Healthy Pasta Alternatives

Who doesn’t love pasta? It’s certainly a staple in many households. Whether you need to abstain from wheat pasta because of issues digesting gluten, or you’re simply looking for a pasta alternative that is more nutrient dense, this article is for you. Today we will talk about some different pasta options and discuss their health benefits. 

Lentil Pasta

Lentil pasta is a great alternative to regular, wheat-based pasta and is naturally gluten free. As the name suggests, this pasta is made from lentils, which are legumes, and more specifically, pulses. A pulse specifically refers to legumes that are grown and harvested for their dry seed. Compared to regular, wheat-based pasta, lentil pasta contains more protein and has a higher fiber content. This gives lentil pasta a more ideal macronutrient profile. Lentil pasta also contains over 4x the amount of potassium as wheat pasta. Potassium is an important electrolyte that helps our bodies maintain proper fluid balance inside our cells. 

Cooking Tip: Be careful not to overcook lentil pasta, as it can easily get mushy if you leave it on too long. You may also want to stir it a few times while cooking to prevent the pieces from sticking together.

Chickpea Pasta

Chickpea pasta is again, just as you’d guess from the name, pasta made from chickpeas, also known as garbanzo beans. Chickpeas are also a pulse of the legume family, just like lentils. Chickpea pasta has similar benefits as lentil pasta, in that it contains more protein and fiber than standard wheat-based pasta. Its fiber and protein content provide a slower release of glucose into the bloodstream, so this helps prevent blood sugar levels from spiking after meals. Just like lentil pasta, chickpea pasta is naturally gluten free, making it a great pasta alternative for those who need to abstain from consuming gluten. When it comes to B vitamins, chickpea pasta has more niacin (vitamin B3) and folate (vitamin B9) than wheat pasta. Chickpea pasta also contains a lot more calcium than wheat-based pasta. 

Cooking Tip: Due to a natural substance called saponins that chickpeas contain, you may experience a lot of foam bubbling up from the pot when cooking chickpea pasta. If you are experiencing this, try using a larger pot and reducing the heat a bit when cooking to lower the amount of foam.

Zucchini Noodles

Zucchini noodles, also known as zoodles, are a great low carb, gluten free, and grain free option to replace pasta. Zucchinis contain many nutrients, including potassium, which can help lower blood pressure levels in those who have high blood pressure. Zucchini also contains a lot of antioxidants, which help protect your cells from damage and support our immune systems. Zucchini noodles are certainly a great pasta alternative for your low carb weeks.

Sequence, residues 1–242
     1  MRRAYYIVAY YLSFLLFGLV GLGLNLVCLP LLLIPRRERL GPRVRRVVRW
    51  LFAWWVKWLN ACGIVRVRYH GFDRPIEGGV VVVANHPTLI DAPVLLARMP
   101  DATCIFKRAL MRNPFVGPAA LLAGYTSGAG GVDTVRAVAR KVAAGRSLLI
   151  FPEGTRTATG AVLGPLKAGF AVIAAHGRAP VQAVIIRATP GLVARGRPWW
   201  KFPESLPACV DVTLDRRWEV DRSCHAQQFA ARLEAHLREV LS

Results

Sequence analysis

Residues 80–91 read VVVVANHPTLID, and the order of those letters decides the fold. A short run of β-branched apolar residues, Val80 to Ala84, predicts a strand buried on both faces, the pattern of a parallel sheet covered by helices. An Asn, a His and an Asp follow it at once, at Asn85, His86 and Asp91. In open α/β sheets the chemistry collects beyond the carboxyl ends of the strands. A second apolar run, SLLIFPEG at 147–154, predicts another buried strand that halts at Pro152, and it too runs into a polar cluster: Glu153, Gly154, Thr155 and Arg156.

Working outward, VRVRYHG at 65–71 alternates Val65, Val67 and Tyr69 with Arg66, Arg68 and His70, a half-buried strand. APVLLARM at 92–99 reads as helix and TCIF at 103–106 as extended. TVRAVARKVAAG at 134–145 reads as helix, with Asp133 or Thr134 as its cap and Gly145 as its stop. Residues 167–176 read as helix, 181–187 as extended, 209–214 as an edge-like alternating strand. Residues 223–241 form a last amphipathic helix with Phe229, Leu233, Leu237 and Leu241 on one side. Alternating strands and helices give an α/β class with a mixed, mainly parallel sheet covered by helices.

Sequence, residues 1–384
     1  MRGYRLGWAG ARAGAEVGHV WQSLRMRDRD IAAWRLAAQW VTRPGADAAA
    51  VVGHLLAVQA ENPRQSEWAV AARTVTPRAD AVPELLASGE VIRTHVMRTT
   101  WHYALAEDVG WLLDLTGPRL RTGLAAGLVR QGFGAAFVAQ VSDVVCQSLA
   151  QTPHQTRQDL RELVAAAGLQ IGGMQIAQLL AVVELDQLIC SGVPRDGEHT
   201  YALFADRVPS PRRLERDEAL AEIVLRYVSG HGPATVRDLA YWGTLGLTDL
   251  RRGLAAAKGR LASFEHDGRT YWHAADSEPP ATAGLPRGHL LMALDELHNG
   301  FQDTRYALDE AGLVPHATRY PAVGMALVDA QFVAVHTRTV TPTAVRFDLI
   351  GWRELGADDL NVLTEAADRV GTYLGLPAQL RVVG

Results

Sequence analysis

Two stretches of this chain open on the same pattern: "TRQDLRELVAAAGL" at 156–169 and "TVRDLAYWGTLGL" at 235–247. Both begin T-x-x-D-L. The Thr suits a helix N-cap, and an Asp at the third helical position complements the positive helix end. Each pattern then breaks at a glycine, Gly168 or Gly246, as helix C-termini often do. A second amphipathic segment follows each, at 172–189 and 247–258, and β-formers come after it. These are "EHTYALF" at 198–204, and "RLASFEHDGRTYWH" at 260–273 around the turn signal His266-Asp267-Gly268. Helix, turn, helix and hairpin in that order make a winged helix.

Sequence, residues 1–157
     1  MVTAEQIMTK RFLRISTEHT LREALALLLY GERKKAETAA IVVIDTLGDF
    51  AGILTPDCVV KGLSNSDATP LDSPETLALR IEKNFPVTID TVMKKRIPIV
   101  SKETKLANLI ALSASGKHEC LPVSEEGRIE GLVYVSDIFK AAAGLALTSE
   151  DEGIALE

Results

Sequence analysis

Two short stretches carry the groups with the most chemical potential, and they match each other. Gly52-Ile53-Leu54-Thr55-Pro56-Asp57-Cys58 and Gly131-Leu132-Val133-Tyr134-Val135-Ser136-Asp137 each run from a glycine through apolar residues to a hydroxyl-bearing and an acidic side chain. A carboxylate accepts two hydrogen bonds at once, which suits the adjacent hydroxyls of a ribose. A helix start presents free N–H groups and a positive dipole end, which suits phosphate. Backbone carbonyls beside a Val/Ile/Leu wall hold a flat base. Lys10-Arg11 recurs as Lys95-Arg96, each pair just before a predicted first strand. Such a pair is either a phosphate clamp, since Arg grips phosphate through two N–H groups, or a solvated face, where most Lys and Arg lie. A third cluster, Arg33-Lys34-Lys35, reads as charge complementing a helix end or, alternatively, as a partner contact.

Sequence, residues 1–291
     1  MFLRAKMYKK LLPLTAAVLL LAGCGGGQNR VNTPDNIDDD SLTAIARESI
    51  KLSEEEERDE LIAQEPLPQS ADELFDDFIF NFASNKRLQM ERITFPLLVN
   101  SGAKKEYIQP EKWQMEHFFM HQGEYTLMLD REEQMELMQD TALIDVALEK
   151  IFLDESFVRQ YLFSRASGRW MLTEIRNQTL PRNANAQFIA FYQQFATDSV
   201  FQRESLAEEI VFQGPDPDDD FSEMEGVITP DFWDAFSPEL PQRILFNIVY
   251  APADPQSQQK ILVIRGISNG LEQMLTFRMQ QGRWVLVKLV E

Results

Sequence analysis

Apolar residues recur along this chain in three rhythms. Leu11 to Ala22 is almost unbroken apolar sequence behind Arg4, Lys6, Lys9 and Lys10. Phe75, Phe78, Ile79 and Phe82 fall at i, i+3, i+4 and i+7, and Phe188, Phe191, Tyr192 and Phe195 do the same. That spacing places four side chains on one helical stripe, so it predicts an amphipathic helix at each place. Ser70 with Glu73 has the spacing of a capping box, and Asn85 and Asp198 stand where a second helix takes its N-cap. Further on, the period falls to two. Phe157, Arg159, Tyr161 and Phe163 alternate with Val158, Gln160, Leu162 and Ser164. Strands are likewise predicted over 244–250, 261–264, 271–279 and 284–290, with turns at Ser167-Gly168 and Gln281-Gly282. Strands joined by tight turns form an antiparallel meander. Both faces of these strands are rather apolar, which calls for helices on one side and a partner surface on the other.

Cooking Tip: If making zucchini noodles yourself from zucchini, use a julienne peeler or a spiralizer. To cook zoodles, you can boil them in water, bake them in the oven, or saute them on a pan. You can try out different cooking methods and see what you like best!

Spaghetti Squash

Another great vegetable-based pasta alternative is spaghetti squash. Like zucchini noodles, spaghetti squash is low carb, gluten free, and completely grain free. To make spaghetti squash, you simply cut the squash in half lengthwise and bake it face down. Once cooked, you can scoop out the inside, which will resemble small, thin little noodles. This is why this squash got its name, because when cooked, the inside resembles spaghetti. Spaghetti squash is a nutrient dense food. For being a low carb vegetable, spaghetti squash still contains a fair amount of fiber. It also contains more vitamin B6, B5, potassium, and vitamin C than wheat-based pasta. Spaghetti squash is another great pasta alternative for your low carb weeks.

Cooking Tip: If your spaghetti squash is coming out too mushy for your preference, try sprinkling some coarse salt onto the squash before cooking. Let it sit for 15 minutes before baking, and that will help draw out some of its moisture, which will result in a less mushy texture.

Regular wheat-based pasta is not innately unhealthy, and it certainly can still be a part of a healthy diet. But it’s important to make sure that you are getting enough fiber, healthy fats, and protein in any meal where you’re eating pasta. This will help make your pasta dish a more balanced meal and help prevent blood sugar spikes. But incorporating these pasta alternatives into your diet would be a healthy way to give you more variety in nutrients, taste, and texture. Plus, these suggestions are all suitable for anyone who is gluten free. 

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